At a time in national politics when donkeys and elephants traditionally take center stage, a new animal has emerged and stolen the spotlight: the duck. Recently, a controversy has erupted over Supreme Court Justice Antonin Scalia’s January 2003 duck-hunting trip with the Vice President Dick Cheney, a litigant in the pending Supreme Court case Richard B. Cheney v. U.S. District Court. Upon learning of the outing between the justice and the vice president, lawyers for the Sierra Club filed a motion requesting Scalia’s recusal. The Court deferred the decision to Scalia, allowing him to determine for himself whether his “impartiality might reasonably be questioned” by his recent trip with Cheney.

In a 21-page memorandum, Justice Scalia announced that he would not recuse himself from the pending litigation, and over the past week an outburst of criticism regarding his decision and the procedure of determining justice recusal has ensued. A number of published commentaries suggest a unified alternative to the traditional “do-it-yourself recusal” procedure used by the court.

In the March 19 edition of the Los Angeles Times, law professors Erwin Chereminsky (University of Southern California) and Steve Lubet (Northwestern University) propose that the entire bench should determine the impartiality of the justice in question. A March 18 Newsday commentary frames the alternative more forcefully, stating that “if Scalia doesn’t see the light, the full court should shine it in his eyes.” But while this alternative may seem advantageous to the current policy, it is important to see that this theory will be much harder than expected to put into practice.

Asking Scalia’s fellow justices to be the judge of his impartiality is in and of itself a determination made by partial judges. The members of the Supreme Court have served together for a number of years, and it can thus be expected that some have cultivated relationships (social and/or political) with each other over that time. Superficially, there seems to be something unnatural about this: partial judges making a determination of impartiality.

On a deeper level, there are a number of specific dilemmas that arise from the relationships that the members of the court share with each other. First, as a matter of bench etiquette, the justices would be reluctant to recuse a fellow justice. A vote to recuse is likely to be interpreted as a severe insult to the integrity of a colleague; and in the highest court of the land, where respect runs strong, can it be believed that such a slap on the wrist would be welcomed? Does the social atmosphere of the court, then, not preclude impartiality among its members?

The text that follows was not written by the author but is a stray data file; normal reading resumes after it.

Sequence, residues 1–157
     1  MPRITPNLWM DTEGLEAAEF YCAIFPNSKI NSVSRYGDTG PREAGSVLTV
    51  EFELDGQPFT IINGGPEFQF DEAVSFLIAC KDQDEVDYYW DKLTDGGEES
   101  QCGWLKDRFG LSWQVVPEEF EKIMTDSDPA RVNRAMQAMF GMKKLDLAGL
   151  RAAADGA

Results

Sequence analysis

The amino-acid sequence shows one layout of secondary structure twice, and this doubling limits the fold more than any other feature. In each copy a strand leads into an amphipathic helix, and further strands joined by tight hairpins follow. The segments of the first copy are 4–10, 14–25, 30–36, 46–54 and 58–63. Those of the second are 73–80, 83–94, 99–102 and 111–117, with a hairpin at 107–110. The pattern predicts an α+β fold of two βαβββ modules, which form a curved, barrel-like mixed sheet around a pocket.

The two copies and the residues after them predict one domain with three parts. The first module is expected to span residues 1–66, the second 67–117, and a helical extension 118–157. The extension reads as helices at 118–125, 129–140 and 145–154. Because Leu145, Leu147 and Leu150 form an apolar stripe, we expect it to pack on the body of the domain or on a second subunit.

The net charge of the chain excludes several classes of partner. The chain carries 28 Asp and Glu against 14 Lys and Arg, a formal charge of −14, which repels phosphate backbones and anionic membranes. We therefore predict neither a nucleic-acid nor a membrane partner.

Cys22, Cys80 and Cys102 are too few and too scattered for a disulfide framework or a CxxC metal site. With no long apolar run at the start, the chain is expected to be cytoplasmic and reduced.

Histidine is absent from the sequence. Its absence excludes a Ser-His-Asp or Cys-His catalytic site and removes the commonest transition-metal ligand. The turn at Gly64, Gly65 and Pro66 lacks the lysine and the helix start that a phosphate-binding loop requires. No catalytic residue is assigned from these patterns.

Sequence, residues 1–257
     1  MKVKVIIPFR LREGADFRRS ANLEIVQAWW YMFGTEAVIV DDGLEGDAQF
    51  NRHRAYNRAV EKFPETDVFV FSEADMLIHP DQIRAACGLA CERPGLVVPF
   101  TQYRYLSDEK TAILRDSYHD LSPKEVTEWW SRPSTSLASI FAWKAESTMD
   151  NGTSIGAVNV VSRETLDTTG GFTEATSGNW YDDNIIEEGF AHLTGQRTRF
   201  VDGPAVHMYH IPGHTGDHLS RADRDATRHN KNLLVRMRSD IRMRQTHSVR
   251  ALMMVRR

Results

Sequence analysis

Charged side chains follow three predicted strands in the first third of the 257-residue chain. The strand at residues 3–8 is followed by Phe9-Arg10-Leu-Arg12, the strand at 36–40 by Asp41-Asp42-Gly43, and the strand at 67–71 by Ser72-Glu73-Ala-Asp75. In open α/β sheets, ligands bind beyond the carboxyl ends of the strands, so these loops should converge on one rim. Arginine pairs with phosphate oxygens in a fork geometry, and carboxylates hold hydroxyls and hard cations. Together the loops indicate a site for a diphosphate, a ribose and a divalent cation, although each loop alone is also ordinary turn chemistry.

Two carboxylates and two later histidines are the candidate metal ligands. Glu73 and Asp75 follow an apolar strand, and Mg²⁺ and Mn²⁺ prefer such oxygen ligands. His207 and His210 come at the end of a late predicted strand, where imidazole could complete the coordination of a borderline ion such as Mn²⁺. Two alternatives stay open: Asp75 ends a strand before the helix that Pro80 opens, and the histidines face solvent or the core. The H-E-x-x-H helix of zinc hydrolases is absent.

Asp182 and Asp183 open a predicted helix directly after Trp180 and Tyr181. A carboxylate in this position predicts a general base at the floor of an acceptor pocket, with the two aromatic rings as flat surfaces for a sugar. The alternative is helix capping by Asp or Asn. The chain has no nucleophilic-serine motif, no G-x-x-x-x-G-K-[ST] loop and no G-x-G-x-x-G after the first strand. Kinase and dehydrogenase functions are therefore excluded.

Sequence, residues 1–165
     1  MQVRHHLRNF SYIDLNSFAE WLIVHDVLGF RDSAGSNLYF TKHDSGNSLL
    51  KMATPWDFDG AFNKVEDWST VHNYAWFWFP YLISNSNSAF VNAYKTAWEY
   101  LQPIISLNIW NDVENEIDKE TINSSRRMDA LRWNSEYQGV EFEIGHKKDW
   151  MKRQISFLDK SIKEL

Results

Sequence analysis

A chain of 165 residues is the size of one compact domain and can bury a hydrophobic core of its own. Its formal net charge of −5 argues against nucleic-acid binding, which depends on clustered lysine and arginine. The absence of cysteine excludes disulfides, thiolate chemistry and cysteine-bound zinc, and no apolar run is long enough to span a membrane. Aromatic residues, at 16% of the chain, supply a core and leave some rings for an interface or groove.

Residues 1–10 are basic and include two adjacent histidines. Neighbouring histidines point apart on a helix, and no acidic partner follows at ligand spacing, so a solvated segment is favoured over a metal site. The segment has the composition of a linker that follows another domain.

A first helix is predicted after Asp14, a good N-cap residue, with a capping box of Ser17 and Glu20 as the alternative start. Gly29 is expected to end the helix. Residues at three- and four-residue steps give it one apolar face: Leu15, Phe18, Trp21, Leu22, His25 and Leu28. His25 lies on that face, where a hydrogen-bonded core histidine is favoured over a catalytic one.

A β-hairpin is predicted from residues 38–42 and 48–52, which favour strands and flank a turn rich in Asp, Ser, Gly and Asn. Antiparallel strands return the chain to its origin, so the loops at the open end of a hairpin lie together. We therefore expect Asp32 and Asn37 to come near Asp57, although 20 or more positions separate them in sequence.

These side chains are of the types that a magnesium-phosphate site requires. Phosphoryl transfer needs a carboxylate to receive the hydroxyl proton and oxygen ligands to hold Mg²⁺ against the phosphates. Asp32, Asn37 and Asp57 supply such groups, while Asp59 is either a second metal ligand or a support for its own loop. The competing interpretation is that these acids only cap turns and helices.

Secondly, justices possess an understanding of the game making them unwilling to vote to recuse a colleague; they know the tables could easily turn. A justice’s fear that one day, he or she might be put in the hot seat would be enough to deter participation in such a procedure. As a matter of personal dignity, justices do not want to be told by others that they are unfit to judge and incapable of rendering a fair decision.

Lastly, as a matter of politics, some justices would be hesitant to recuse another judge for fear of losing a key vote in the pending decision. Let us assume for a moment that even the Supreme Court exercises a degree of political maneuvering in its decision-making. A projected 4 to 4 split on the upcoming case would make the vote of the justice in question critical. Could the members of the court be expected to make an impartial decision regardless of the effect their recusal vote would have on the ruling of the case? Is there not, then, a degree of political relationship that makes the justices partial to each other? To be even more cynical, it seems as if justices would be unwilling to vote a potential ally off the judicial island in one particular case, for fear of losing support in another future battle.

If one accepts the notion that an individual justice cannot make a fair determination of his or her impartiality because of bias, then it seems to follow that the other justices would also be unable to make that determination due to their bias. Furthermore, when considering the workability of the proposed alternative, it is worthwhile to note that the policy of “do-it-yourself recusal” is what the court has determined for itself. In fact, the Center for Individual Freedom reports that the justices have recused themselves from over 500 cases in the past five years. Amidst the plethora of criticism on the current policy, there has been a lack of publicized criticism from the justices themselves. Perhaps, then, the Supreme Court has already answered the question of whether or not the proposed alternative of “recusal by others” can be put into practice.

Howard Kim is a freshman in Jonathan Edwards College.